Humpback whales migrate up to 16,000 miles each year and feed mainly in the summer in polar waters and migrate to tropical waters to breed and give birth in the winter. During the winter, humpbacks fast and live off their fat reserves; their diet consists of krill and small fish. Humpback whales like all baleen whales are seasonal feeders that feed on crustaceans, plankton, and small fish. A humpback whale will eat about 5,000 pounds of plankton, krill and small fish every day during the feeding season, one feeding technique they use is called bubble net fishing. This is where a group of humpback whales swim rapidly in circles around a school of fish and blow air through their blowholes. The bubbles form a barrier that helps to confine the school of fish within an area, and then one or more whales will swim upwards and through the bubble net with their mouth’s wide open and gulp thousands of fish.
Humpback whales breathe air at the surface of the water through two blowholes located near the top of the head. Their blow is a double stream of spray that rises 10-13 feet above the surface of the water. The tail flukes of a humpback whale, which are lifted high in the dive sequence, have wavy rear edges. The deeply-notched flukes (tail) are between 10- 12 feet wide, an adult usually ranges between 39-52 feet long and weighs approximately 36 tons, and these whales can live between 50-70 years.
The pectoral fins are up to one-third of a humpback whales body length and have rough edges; these are the largest flippers of any whale. They also have about 15-35 throat grooves, these grooves allow the throat to expand when they are filter feeding. Female whales breed every 2-3 years and their gestation period is eleven months, the calves are about 14 feet long when born and are nursed by their mothers for their first six months and then go through another period of nursing and independent feeding for another six months. Both males and females reach sexual maturity around the age of five, full maturity is around 15 years, females are slightly larger than males.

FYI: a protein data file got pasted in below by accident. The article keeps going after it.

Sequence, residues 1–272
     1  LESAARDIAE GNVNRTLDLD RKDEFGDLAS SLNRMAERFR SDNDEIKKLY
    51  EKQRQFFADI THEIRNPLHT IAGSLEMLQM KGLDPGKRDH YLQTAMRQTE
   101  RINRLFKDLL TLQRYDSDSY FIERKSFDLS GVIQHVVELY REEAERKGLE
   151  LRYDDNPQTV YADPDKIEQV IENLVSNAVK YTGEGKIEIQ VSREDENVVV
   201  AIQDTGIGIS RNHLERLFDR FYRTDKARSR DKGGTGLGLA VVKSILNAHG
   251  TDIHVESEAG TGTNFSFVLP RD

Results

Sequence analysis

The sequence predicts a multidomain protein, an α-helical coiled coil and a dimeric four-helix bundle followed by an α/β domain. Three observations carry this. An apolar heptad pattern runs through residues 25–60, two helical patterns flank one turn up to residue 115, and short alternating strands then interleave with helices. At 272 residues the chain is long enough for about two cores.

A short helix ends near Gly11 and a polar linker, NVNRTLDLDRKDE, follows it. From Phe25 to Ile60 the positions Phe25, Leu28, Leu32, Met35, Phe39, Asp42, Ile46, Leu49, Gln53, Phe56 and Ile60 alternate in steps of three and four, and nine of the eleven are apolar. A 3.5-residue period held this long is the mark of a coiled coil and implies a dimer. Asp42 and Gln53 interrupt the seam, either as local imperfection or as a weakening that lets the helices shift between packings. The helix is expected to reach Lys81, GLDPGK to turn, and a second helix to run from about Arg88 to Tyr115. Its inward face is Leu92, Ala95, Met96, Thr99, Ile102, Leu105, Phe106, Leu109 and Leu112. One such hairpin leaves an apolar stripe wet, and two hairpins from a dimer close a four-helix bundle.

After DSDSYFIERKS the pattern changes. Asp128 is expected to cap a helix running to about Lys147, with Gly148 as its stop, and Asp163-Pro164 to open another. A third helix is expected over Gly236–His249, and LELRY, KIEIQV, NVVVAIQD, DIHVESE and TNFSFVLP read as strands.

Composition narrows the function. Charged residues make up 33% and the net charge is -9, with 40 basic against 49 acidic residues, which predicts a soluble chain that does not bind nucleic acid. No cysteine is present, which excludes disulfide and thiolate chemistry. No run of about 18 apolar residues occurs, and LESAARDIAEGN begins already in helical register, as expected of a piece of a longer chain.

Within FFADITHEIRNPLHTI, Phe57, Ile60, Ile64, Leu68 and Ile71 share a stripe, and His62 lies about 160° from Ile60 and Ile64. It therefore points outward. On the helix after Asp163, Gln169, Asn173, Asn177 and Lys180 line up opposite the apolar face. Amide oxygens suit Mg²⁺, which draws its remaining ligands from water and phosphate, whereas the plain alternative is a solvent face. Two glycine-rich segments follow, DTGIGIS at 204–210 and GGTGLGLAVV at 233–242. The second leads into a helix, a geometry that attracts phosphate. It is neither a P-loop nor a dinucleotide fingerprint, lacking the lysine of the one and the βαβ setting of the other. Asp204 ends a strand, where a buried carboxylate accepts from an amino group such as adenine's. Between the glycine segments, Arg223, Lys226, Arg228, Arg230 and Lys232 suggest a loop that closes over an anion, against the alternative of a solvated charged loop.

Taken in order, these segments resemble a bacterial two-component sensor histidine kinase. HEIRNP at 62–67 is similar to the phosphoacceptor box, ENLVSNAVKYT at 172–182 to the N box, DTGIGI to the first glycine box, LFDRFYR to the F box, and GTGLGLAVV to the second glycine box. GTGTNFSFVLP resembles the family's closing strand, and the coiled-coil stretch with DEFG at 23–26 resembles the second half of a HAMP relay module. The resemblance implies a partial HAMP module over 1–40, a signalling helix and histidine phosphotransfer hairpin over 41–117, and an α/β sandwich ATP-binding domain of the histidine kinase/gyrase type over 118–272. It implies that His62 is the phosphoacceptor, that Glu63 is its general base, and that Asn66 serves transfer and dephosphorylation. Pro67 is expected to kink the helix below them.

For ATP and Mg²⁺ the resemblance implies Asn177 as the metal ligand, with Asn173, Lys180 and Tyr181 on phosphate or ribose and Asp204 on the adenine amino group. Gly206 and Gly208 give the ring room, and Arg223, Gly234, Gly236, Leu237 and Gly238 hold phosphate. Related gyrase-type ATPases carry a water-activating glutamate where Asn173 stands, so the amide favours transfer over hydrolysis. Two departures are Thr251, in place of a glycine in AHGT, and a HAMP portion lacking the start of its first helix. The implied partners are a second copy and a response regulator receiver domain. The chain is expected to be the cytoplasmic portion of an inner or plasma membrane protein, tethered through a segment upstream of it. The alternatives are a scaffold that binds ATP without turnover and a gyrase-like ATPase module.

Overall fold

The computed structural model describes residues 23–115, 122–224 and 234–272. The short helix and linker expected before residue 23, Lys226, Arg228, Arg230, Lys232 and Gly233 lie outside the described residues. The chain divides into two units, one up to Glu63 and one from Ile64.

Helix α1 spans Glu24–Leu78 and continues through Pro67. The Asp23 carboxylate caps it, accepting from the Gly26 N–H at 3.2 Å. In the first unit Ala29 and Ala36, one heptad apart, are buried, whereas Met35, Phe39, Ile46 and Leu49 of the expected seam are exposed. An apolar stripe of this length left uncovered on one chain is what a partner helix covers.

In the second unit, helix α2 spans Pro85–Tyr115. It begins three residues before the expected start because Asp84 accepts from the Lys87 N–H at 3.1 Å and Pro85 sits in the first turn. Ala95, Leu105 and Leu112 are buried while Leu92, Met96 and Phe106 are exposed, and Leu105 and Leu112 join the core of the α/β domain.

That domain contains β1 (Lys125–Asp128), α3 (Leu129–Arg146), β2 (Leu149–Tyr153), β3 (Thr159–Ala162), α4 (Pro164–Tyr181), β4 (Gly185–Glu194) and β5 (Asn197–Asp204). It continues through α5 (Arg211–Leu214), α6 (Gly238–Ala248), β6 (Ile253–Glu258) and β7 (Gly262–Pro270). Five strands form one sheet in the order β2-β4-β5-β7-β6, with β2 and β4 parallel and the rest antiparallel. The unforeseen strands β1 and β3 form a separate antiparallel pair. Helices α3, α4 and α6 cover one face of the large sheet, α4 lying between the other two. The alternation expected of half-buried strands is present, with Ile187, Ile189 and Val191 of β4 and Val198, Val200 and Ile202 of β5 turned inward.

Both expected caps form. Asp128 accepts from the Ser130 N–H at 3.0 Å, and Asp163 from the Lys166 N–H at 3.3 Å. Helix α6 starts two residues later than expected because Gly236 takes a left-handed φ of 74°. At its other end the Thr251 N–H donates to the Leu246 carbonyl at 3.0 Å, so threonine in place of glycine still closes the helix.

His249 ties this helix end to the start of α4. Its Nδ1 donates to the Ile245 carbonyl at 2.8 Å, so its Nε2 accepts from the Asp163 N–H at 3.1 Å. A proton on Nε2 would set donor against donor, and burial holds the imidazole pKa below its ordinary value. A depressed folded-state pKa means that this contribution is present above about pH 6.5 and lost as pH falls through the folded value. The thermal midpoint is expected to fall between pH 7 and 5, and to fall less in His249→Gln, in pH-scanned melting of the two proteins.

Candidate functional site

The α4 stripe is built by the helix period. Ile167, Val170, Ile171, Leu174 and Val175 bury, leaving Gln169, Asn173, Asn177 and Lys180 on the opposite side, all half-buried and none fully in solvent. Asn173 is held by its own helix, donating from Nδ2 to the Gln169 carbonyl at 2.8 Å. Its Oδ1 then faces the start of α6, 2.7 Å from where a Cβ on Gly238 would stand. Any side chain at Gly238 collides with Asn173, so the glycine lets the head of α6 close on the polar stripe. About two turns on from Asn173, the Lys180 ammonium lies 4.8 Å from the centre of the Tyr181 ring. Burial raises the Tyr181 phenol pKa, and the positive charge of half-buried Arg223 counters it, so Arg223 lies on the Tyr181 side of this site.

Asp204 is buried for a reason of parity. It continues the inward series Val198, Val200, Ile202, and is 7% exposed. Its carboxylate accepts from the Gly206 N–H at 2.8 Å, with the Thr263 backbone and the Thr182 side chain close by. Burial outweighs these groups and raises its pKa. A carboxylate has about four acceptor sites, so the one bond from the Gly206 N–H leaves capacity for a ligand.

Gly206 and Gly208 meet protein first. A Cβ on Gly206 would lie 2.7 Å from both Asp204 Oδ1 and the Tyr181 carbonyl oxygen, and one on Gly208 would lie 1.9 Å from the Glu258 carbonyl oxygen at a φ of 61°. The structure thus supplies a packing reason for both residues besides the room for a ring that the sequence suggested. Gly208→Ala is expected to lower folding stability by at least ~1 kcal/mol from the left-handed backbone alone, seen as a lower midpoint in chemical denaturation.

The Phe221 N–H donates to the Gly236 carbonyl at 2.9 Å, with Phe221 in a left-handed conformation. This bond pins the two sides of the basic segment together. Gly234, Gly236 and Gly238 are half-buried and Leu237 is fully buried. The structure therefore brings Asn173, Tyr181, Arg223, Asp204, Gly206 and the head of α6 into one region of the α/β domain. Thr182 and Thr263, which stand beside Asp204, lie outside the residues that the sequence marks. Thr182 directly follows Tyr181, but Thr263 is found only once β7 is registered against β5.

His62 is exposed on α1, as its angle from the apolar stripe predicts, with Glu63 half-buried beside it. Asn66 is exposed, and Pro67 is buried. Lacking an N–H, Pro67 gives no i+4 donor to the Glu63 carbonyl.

Both male and female humpback whales vocalize, however only males produce the long, loud, complex songs for which this whale is famous for. Each song consists of sounds in a low register that vary in amplitude and frequency, and typically lasts from 10 to 20 minutes. Humpbacks may sing continuously for more than 24 hours. Cetaceans have no vocal cords, so whales generate their song by forcing air through their massive nasal cavities.
Scientists are unsure of the purpose of the whale song. Only males sing, suggesting that one purpose is to attract females. However, many of the whales observed to approach a singer are other males, and results in conflict. Singing may therefore be a challenge to other males. Some scientists say that the song may serve an echo locative function. During the feeding season, humpbacks make altogether different vocalizations for herding fish into their bubble nets.
Humpback whales have also been found to make a range of other social sounds to communicate such as “grunts”, “groans”, “snorts” and “barks”.